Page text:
2               if existing standards are relevant, to identify any refinements required to ensure their progression and positive contribution in the standards life cycle,

3               to ensure standards do not impose excessive requirements on business, that they are cost effective and take account of community, social, economic, environmental, health and safety concerns, and

4               to pursue where appropriate harmonisation with international standards, rather than with regional or national standards.


The review takes account of the provisions of the Trans-Tasman Mutual Recognition Arrangement (TTMRA) Annex 4 – Road Vehicles.  While the main object of the TTMRA is that goods sold in Australia could be sold in New Zealand and vice versa, it was acknowledged that there would be difficulties with Trans-Tasman trade in road vehicles, given the different regulatory regimes of the two countries.  Road vehicles were therefore granted a special exemption from the immediate application of the TTMRA until the regulatory systems could be aligned.  In Annex 4 of TTMRA, the Parties undertook to embark on a cooperation programme aimed, where appropriate, at harmonising Australian and New Zealand standards with United Nations - Economic Commission for Europe (UNECE) Regulations or those national or regional standards that are agreed by the Parties.  The Parties also agreed to seek to develop consistent conformance assessment and certification requirements in both countries. The UNECE is regarded as the international standards setting body, meeting the provisions of the World Trade Organisation (WTO) Agreement on Technical Barriers to Trade, as standards development in the UNECE is open to participation by the international community.


New Zealand and Australia’s accession to the 1958 Agreement is consistent with commitments by Asia Pacific Economic Cooperation (APEC) region economies to facilitate trade in automotive product by harmonisation of road vehicle regulations through the multilateral UNECE arrangements. Accordingly, the regional perspective of the TTMRA has been overtaken by APEC-wide developments. There is little to be gained at this juncture in pursuing a programme of bilateral coordination, and bilateral convergence will be a function of the pace at which Australia moves to harmonise its ADRs with UNECE regulations.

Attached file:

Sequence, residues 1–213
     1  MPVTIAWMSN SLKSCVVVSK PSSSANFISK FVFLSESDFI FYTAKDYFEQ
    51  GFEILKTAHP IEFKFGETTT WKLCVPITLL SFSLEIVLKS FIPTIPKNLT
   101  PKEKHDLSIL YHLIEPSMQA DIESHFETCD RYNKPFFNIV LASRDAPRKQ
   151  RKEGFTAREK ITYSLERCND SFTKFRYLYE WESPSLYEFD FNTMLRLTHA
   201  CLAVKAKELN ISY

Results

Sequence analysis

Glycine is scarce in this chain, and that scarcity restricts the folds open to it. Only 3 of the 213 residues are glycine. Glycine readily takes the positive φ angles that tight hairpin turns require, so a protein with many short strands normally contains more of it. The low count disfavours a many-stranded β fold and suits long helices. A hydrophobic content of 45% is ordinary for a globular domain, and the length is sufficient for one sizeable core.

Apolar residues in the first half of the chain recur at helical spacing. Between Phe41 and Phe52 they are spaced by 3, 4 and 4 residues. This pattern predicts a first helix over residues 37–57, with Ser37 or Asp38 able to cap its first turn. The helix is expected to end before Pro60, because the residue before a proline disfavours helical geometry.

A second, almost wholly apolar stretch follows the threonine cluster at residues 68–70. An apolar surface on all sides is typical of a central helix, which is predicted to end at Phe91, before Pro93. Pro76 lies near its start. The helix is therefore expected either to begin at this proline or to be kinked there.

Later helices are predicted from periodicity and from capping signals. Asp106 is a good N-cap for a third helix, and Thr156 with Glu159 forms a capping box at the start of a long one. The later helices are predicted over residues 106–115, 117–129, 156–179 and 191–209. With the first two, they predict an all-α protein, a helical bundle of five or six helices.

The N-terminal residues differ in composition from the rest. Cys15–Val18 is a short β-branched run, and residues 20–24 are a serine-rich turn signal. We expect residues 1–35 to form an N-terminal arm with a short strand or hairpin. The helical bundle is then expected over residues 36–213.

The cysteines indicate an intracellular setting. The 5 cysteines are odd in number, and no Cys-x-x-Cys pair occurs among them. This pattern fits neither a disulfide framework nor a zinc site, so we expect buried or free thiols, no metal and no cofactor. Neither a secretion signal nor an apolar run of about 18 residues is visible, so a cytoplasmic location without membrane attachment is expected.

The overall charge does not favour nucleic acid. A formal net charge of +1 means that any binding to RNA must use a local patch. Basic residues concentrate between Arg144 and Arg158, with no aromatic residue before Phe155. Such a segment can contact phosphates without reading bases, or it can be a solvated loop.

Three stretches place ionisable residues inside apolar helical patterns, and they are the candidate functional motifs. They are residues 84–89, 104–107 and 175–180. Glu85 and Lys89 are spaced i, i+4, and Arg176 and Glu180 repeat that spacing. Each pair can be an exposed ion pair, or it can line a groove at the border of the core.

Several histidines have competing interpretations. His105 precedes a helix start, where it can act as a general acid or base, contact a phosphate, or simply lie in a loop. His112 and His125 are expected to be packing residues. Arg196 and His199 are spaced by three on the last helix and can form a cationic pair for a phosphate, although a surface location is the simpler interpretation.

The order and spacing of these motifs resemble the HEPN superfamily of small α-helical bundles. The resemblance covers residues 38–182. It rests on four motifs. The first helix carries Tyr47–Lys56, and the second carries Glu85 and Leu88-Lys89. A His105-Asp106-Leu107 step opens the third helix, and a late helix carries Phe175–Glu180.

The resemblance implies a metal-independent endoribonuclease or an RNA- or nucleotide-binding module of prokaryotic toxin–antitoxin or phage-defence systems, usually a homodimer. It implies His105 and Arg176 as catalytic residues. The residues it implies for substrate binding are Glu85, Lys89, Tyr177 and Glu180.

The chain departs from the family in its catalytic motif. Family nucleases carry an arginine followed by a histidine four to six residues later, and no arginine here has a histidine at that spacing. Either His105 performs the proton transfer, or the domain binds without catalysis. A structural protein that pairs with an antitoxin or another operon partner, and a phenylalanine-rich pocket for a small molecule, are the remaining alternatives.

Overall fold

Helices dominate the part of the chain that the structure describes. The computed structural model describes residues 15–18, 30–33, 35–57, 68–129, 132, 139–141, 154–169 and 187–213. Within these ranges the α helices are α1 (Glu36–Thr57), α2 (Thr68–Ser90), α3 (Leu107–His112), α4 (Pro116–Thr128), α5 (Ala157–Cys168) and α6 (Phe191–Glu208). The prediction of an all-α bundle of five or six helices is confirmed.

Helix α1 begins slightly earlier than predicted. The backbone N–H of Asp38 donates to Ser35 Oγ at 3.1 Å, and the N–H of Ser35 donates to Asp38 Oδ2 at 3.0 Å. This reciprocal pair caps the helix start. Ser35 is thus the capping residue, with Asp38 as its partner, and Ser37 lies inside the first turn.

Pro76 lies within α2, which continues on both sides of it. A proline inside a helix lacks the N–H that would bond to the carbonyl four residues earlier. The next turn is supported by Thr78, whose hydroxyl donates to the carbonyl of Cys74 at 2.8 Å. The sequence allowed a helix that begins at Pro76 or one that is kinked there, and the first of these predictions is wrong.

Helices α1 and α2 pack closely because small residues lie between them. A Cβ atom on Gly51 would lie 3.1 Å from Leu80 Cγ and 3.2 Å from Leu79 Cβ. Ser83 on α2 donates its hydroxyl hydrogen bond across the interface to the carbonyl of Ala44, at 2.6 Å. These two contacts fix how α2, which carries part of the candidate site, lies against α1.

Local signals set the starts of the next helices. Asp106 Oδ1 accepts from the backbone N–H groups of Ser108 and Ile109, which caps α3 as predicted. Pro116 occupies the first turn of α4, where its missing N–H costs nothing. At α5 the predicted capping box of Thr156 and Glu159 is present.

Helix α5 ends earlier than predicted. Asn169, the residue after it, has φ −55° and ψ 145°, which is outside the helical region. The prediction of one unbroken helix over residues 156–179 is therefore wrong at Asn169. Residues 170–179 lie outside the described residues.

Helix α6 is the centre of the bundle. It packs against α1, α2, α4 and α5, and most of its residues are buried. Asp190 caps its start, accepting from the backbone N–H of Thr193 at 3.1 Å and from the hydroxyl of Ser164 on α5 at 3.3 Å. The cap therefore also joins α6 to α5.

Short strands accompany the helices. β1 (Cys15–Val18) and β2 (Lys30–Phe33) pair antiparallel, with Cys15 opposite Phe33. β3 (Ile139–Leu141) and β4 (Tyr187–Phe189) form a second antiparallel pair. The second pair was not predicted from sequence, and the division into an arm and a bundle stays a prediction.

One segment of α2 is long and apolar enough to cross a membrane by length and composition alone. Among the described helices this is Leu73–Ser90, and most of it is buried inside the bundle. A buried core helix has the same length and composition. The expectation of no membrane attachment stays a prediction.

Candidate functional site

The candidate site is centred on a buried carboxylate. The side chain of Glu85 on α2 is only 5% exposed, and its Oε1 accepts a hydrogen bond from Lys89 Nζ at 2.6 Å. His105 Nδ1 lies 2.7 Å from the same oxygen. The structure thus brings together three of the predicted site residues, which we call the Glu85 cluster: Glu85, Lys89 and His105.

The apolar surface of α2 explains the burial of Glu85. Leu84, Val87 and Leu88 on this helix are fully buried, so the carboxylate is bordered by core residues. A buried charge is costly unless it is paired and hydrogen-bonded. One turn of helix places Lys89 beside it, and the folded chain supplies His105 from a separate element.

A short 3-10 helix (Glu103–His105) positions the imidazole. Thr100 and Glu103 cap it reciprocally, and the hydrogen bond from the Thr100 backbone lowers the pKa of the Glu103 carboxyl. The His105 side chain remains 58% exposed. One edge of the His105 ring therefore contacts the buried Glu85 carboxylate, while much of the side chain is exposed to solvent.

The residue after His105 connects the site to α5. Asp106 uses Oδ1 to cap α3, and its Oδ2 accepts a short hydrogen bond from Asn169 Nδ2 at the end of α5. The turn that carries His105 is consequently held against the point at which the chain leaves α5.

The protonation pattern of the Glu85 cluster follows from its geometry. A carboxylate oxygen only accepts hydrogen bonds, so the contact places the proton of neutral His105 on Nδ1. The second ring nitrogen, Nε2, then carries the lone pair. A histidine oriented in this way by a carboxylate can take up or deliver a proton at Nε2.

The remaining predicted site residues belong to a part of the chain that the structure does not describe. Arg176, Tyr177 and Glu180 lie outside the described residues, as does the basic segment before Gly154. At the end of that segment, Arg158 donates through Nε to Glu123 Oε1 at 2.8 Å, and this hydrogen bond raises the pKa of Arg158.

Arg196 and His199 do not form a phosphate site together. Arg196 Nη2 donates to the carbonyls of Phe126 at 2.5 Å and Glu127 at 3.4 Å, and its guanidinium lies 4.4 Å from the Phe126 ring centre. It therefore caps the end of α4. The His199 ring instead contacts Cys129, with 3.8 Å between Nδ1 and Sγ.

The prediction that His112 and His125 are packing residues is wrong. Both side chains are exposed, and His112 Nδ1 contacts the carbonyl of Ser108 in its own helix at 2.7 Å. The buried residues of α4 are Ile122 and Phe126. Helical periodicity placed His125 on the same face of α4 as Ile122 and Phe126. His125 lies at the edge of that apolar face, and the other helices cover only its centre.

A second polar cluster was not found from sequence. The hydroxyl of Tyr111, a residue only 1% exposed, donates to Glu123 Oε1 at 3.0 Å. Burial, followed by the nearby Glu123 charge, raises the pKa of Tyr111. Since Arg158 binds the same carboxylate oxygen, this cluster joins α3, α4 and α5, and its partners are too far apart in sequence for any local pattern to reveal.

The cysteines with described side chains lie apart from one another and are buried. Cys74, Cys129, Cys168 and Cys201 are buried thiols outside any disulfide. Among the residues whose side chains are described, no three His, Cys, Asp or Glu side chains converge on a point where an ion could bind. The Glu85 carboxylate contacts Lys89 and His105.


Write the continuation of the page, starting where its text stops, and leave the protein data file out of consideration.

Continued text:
2.                 OBJECTIVES

2.1              General and Specific Objectives

The general and specific objectives of Australian Government action are to establish the most appropriate measures for delivering safer vehicles to the Australian community. These include:

General Objectives:

·                    reduce road trauma arising from any potential failure of the market to provide vehicles with adequate levels of occupant protection;

·                   ensure that community, social, economic, environmental, health and safety standards are not compromised;

·                    determine what form of action is required, either government intervention or the use of market based measures;


Specific Objectives:


·                    eliminate any duplication and overlap arising from ongoing development of frontal protection countermeasures;

·                    ensure that the new measures proposed for frontal protection in the form of impact requirements for instrument panels arising do not create a barrier to the import of safer vehicles.


This RIS examines present Australian Government regulation for protection of occupants exposed to the risk of injury arising from impacts with instrument panels.  It assesses the relative costs and benefits of both the present and proposed regulations and non-regulatory alternatives.


2.2              Present Government Regulation

ADR 21 applies only to MA category vehicles (primarily passenger cars) and to some LE category vehicles (trikes).  The ADR defines a Head Impact Area of the dashboard as that area contactable by a 165mm diameter sphere but excluding: